In the context of using fexprs in compilation, I might say fexprs face forward to the output, while micros look backward to the input.

Tree traversal control

I probably could generate without fexprs if the syntax of my program always puts the type information sufficiently before the use of the variables so that the types are completely parsed before the expressions are, and in my language that's no doubt true.

But in that case I'd have to write the compiler out of combiners that don't care what order they run in. I'm sure that's been done a lot of times.

But that whole process just feels like a kludge.

Using fexpers I can combine a deterministic tree traversal order with the generation and do it succinctly.

It's the succinctness of combining the tree traversal policy with everything else that so nice.

Also s-expressions are ASTs instead of CSTs

The other nice thing here is the preprocessing that happens while building the s-expressions.

Those s-expressions are an actually ABSTRACT syntax tree rather than the concrete syntax tree that parsers can automatically generate. It only contains the elements necessary.

It is a two stage process so maybe you could call it a two pass compiler, sort of.

That first stage elides unnecessary information from the parse.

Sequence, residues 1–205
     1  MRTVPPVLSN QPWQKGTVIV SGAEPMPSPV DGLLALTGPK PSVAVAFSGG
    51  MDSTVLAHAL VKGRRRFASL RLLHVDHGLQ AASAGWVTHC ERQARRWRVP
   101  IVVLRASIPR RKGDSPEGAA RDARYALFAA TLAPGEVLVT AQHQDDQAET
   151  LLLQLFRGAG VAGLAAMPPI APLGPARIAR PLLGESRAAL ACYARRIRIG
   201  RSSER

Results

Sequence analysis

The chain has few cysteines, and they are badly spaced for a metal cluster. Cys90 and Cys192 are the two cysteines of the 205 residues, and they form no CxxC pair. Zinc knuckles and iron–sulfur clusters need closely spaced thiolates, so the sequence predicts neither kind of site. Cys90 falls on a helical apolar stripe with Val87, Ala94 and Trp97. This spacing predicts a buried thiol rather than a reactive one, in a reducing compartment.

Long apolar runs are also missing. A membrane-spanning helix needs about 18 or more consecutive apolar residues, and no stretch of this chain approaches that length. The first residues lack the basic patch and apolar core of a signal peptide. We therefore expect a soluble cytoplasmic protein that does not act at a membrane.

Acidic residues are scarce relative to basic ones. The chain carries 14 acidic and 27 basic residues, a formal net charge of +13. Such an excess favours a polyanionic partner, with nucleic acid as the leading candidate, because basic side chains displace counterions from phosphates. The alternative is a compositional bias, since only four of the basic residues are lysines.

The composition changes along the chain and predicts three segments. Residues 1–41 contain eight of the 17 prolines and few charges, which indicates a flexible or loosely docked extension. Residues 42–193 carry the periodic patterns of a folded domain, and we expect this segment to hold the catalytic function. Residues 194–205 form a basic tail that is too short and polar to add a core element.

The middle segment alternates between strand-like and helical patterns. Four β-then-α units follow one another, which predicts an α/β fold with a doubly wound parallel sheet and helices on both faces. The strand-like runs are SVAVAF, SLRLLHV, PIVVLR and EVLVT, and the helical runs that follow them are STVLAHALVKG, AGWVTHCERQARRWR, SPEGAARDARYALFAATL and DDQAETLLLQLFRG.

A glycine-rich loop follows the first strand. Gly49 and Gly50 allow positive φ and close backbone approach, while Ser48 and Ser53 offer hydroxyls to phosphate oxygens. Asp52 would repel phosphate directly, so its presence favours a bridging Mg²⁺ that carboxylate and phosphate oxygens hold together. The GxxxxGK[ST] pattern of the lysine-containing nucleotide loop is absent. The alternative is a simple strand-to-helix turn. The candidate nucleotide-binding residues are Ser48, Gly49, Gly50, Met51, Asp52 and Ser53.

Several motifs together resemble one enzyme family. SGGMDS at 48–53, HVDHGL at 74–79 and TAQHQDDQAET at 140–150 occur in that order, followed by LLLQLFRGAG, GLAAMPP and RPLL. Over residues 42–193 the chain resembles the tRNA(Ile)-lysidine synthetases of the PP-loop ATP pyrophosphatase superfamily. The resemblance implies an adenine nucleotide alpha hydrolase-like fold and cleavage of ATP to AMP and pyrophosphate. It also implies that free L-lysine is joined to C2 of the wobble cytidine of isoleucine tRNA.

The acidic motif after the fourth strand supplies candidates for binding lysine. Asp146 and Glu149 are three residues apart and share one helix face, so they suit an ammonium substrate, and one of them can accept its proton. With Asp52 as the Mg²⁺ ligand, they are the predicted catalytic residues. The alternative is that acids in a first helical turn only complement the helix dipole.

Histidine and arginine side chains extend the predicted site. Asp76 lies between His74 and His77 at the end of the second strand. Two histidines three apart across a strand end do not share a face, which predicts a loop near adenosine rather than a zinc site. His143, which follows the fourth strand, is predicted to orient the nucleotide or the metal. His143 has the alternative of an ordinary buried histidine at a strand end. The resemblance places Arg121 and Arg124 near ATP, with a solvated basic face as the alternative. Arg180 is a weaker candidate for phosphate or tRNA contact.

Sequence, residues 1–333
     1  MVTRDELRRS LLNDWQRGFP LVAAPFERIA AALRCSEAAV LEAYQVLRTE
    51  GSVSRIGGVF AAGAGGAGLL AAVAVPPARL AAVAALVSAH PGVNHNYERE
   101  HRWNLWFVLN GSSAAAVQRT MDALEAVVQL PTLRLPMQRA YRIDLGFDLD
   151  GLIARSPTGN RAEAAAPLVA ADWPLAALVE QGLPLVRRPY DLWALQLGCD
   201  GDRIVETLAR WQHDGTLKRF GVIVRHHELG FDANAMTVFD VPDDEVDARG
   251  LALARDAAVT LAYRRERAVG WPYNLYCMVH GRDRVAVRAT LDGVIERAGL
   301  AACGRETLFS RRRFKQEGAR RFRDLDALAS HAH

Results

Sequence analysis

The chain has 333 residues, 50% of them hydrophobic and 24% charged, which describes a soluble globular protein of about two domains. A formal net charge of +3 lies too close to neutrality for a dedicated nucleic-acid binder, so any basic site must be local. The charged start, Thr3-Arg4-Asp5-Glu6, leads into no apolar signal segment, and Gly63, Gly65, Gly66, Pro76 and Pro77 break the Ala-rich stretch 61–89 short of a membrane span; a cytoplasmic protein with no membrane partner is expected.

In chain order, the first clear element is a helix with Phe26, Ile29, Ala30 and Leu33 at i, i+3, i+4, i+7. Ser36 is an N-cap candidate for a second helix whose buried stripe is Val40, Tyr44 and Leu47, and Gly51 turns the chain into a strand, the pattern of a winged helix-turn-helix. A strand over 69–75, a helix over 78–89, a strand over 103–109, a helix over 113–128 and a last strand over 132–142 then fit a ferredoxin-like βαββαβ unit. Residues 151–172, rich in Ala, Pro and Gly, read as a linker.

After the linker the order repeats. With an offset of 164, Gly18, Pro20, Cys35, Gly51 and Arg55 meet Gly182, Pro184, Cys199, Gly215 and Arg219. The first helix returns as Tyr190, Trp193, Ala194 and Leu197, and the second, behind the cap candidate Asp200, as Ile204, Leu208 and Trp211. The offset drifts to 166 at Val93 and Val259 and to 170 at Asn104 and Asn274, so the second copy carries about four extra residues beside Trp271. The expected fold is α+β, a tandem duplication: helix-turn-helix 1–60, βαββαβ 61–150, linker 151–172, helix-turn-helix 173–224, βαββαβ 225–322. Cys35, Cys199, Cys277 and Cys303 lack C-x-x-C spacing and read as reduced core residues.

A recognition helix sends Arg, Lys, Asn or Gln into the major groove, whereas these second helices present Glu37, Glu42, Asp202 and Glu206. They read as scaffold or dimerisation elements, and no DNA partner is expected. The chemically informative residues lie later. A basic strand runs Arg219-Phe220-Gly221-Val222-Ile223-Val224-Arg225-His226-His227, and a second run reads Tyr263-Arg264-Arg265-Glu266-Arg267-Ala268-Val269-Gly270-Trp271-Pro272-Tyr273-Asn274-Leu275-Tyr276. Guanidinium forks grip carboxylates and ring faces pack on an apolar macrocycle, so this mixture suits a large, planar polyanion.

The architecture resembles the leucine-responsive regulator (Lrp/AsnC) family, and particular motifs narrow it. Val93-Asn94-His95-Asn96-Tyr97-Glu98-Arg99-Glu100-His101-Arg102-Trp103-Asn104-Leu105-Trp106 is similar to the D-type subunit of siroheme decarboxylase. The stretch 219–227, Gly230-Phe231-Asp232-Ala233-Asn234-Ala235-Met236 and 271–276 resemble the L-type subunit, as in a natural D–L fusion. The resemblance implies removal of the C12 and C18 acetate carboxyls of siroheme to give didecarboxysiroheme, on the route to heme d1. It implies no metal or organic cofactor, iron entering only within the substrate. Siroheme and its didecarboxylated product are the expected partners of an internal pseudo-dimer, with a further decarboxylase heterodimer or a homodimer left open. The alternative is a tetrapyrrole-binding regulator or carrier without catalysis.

I could give an example from my test code.
the type:
goes through multiple levels of parse nodes to build the lists but in the end the lists build nothing more than (actual C++):

L(f_function_type, L(L(L(f_simple_type, L("type", "real"), "double"), L(LVar("a",1), LVar("b",1), LVar("c",1))), L(L(f_simple_type, L("type", "string"), "char *"), L(LVar("d",1), LVar("e",1), LVar("f",1)))),L(f_simple_type, L("type", "integer"), "int"));

Where L is a list builder, and LVar(string, int) builds a token that knows what its line number is, 1 being a place holder in this case, and the functions that start with "f_" are fexprs.

The lists that start with strings aren't expressions because they're parameters to fexprs that will never be evaluated.

Also, note that the first parameter to f_function_type isn't an expression it's a list of lists where only part of each element is an expression and that fexpr knows which elements of the list to eval.

The fexprs are actually building and returning complex objects that know how to generate code, know what the types are and in the case of function types have symbol tables. If you defined the same parameter name twice, f_function_type would throw an exception.

Composable Type Inference

If i understand correctly, there is another way to do this (one pass compiling), which is composable type inference. If any program fragment can be given a type in isolation and when you compose program fragments the type of the composed fragments depends only on the types of the fragments (so you have principal typings), then the types can be inferred and checked bottom up, the same way the parser produces the AST.

The HM style type system I designed here:

Does this (you can see the types are generated before each parser returns the AST). I am using the same type system and inference in my scripting language:

However here i am using separate passes to keep things simple, but i will probably move to the single pass approach i used in the C++ in the future.